When we first looked at the 42LH5000 last year, we were blown away by the features and performance it offered for just £750.
Indeed, we liked it so much we deemed it the Best Budget 40-42in TV in our 2009 Awards. But a product can only be as good as the competition allows, and the LG now has to compete against cheaper and faster rivals.
Looks like a premium set
Of course, that's not to say the LG has suddenly become a poor TV. In fact, as soon as you take it from the box it's clear this is a set that's easily punching above its price point.
Although the casework is fairly large, it's also very stylish, and the bold, colourful and well thought-out menus add to the premium feeling.
The clarity of these menus helps to make calibration a simple task, and other than a bit of experimentation with the TruMotion 200Hz processor, you'll be up and running in no time.
Surprised you get 200Hz processing on a £750 set? We were, too. It's not as universally favoured as that of rivals like Sony, with an artificial look occasionally creeping in, but it's still an impressive handler of motion.
This is by no means the only way that the LG's Blu-ray performance impresses. (500) Days of Summer benefits from a subtle, natural colour balance, as well as pure and punchy whites.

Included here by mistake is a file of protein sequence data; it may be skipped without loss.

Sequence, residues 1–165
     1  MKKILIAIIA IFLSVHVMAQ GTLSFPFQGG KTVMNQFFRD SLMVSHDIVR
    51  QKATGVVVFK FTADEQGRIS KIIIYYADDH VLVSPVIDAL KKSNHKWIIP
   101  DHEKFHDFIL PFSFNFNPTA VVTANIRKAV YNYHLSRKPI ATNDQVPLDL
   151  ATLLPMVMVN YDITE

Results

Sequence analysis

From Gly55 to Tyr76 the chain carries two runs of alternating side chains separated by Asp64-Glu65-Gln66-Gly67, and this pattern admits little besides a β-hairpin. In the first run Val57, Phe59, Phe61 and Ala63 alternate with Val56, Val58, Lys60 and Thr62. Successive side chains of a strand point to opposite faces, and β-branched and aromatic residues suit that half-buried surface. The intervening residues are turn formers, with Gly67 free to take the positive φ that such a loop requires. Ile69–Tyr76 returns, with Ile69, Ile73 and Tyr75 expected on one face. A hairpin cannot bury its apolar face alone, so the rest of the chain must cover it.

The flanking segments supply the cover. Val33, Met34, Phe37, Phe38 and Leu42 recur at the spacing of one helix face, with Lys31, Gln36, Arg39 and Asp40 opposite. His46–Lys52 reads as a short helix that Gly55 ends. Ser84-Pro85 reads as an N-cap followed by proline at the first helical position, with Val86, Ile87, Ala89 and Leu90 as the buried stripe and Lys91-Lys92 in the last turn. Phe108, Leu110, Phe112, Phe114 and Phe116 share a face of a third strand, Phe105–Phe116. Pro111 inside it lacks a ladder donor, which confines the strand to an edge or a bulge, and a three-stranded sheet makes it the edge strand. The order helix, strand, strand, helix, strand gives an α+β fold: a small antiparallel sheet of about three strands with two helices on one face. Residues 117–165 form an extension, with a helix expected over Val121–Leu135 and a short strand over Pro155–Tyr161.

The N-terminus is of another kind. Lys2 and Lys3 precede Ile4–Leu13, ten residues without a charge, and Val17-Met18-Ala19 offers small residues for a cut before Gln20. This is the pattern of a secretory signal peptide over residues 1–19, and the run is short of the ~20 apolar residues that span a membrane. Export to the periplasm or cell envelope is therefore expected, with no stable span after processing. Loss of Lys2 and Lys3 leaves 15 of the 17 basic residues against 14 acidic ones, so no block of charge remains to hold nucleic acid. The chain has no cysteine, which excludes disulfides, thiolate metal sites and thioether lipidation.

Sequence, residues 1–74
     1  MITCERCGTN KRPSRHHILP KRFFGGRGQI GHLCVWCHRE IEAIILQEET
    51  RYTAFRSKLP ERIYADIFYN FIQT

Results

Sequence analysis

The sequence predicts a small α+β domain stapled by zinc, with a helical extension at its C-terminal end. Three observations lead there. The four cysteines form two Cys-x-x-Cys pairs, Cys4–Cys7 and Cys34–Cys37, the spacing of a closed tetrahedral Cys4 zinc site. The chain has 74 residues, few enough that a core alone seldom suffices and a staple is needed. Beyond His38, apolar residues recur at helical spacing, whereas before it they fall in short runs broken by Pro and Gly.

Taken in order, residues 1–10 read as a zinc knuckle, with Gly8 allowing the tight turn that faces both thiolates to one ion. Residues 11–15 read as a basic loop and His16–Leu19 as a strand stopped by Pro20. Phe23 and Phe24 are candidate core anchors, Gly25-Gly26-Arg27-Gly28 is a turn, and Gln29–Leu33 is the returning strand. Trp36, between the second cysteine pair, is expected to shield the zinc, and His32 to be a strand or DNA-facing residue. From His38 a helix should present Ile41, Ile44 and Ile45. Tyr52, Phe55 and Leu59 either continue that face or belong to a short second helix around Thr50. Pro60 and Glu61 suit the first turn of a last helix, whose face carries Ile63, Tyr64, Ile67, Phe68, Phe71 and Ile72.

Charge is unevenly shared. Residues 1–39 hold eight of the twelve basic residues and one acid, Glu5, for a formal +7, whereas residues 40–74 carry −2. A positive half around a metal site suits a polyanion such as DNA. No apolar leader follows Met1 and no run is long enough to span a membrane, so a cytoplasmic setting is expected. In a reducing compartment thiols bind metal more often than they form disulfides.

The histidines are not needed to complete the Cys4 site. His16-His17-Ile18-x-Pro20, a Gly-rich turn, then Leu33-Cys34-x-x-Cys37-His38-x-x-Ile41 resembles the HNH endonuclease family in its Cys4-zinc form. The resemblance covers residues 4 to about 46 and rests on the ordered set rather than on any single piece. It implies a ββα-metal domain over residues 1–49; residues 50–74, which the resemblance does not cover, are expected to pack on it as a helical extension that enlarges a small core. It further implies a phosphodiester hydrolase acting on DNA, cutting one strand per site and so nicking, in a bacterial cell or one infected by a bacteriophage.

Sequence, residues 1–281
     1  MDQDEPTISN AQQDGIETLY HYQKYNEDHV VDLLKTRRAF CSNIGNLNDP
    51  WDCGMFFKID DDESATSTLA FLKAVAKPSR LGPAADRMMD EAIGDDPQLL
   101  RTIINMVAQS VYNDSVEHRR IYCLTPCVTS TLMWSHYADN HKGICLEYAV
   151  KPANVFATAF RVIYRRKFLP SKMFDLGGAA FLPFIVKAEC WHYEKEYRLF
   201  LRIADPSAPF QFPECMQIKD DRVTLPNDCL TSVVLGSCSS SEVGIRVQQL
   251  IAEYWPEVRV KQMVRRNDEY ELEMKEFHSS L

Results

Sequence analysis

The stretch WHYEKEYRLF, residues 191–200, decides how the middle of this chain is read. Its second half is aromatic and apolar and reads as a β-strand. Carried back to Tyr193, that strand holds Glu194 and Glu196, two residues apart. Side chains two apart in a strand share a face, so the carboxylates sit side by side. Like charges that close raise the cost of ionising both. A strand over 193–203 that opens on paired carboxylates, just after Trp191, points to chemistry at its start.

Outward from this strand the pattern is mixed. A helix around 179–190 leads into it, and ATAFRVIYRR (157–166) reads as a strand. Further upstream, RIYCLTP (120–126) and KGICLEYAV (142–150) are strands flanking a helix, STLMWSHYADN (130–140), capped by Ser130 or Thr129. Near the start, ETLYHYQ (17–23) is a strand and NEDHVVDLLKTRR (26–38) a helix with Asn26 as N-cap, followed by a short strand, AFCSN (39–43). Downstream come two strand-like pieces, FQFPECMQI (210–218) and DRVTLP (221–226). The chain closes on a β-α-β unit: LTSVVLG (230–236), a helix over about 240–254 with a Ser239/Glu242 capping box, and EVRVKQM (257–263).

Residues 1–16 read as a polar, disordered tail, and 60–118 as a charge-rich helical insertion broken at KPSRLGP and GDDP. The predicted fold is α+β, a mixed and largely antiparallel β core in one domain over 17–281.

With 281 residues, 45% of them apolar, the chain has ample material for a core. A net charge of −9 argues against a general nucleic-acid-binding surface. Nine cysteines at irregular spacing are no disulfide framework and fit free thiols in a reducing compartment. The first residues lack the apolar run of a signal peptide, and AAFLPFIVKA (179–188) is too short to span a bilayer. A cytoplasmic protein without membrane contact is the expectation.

The 'LH5000 is also detailed and sharp enough to reveal the odd imperfection in the cast of kooky characters.
Churlish to complain?
However, where previously we felt the ultra-low price made it churlish to complain about the lack of black depth, the appearance of more capable rivals now enables us to do so: it turns out you can get proper, deep blacks at this price point.
The LG offers a very stable and detailed picture for the money with the scaler combining with the Freeview tuner to impressive effect as well: that neutral colour balance keeps even the garish backgrounds of The One Show in check, and if there's a touch of noise, the overall cleanliness is decent.
The LG's speakers are perfectly reasonable by flatscreen standards, with just a little brightness creeping in, and they round off a package that, while no longer the very best at the money, is still mighty accomplished.